This is the case at the moment with direct lenders and that’s despite the fact that brokers are given inferior products in many cases.

The negative way, of course, is to take the view that M&S is just going to take all our business.

But this was exactly what everyone thought when Tesco decided to become an estate agent instead of sticking to selling baked beans and spuds. And what happened? Tesco closed the business down.

Andrew Charles

 

Party politics over housing not helpful to the public at all

Shadow housing minister Jack Dromey last week accused housing minister Grant Shapps of misrepresenting and misusing official figures on housing and homelessness.

The problem with politicians today is that they are more interested in safeguarding their own political careers and point scoring off the opposition party than acting in the best interests of the electorate.

I am sick to death of pendulum politics, whereby the Tories get elected and scrap Labour policies and vice versa. It achieves nothing and it’s the public that loses.

Is it any wonder that public trust in politicians of all political parties is at an all-time low? Let’s face it, you can’t trust any of them or believe a single word they say any more.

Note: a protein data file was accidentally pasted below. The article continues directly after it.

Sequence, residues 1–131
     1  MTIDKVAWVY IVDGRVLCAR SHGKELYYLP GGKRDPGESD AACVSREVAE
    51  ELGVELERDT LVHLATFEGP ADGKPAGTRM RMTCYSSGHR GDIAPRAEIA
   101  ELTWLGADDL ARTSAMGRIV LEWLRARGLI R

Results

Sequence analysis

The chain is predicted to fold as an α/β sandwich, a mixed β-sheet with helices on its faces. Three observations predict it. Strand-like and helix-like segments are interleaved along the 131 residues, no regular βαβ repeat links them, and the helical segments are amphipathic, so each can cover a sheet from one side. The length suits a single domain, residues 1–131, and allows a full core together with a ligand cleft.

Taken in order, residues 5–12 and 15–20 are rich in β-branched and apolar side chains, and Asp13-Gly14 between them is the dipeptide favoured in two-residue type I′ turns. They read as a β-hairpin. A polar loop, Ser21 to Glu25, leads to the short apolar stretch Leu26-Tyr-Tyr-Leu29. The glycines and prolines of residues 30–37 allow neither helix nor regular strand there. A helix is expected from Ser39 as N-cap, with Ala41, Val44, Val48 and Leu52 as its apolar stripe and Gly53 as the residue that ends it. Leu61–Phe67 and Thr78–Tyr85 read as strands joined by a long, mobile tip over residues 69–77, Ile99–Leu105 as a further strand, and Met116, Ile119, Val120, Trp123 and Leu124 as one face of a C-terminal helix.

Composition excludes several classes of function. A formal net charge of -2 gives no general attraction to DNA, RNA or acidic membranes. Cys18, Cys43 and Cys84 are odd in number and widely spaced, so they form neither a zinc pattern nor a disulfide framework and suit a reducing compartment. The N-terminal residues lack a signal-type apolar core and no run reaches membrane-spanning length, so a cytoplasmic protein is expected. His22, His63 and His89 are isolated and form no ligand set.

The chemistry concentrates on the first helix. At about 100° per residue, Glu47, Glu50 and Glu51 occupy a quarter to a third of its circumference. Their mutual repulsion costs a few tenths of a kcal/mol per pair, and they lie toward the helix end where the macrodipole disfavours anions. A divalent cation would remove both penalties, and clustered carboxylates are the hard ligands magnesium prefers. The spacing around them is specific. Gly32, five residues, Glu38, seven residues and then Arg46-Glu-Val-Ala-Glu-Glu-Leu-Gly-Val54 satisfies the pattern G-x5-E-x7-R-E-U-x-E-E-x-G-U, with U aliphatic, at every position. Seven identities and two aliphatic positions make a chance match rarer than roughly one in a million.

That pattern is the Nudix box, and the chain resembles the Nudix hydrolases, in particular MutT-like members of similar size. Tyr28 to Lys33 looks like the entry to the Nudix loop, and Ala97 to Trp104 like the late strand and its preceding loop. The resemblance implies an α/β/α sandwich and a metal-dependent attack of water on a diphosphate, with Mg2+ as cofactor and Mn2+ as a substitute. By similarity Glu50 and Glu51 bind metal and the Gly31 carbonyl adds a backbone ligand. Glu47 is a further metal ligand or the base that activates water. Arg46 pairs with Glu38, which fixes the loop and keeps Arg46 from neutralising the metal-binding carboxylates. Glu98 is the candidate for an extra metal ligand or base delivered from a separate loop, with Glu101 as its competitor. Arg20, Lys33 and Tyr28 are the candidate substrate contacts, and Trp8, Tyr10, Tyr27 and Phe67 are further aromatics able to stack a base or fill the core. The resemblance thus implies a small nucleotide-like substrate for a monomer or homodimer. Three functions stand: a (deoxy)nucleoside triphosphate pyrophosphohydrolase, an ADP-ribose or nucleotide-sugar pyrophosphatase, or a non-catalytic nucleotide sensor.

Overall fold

Jim Gillespie

 

If recession is over, it’s strange why we are strapped for cash

The National Institute for Economic & Social Research last week reported that the UK economy has exited recession after ceasing to contract.

Its monthly estimates of gross domestic product suggest the UK grew by 0.1% in the three months to the end of May, after shrinking by 0.1% in the three months to the end of April. But does anyone believe the statistics that get rolled out?

As a layman I can see the economy is a lot more than flat. The average Joe has no spare cash and is more concerned about holding on to their job than spending.

Small businesses are suffering due to a lack of liquidity and the squeeze placed on them by large manufacturers and suppliers across many sectors.

I’m waiting to see how the Office for National Statistics dresses up the impending gloom after we have given all our tax money, directly or indirectly, to the Spaniards and Italians.

Andrew Botte Prize may vary from picture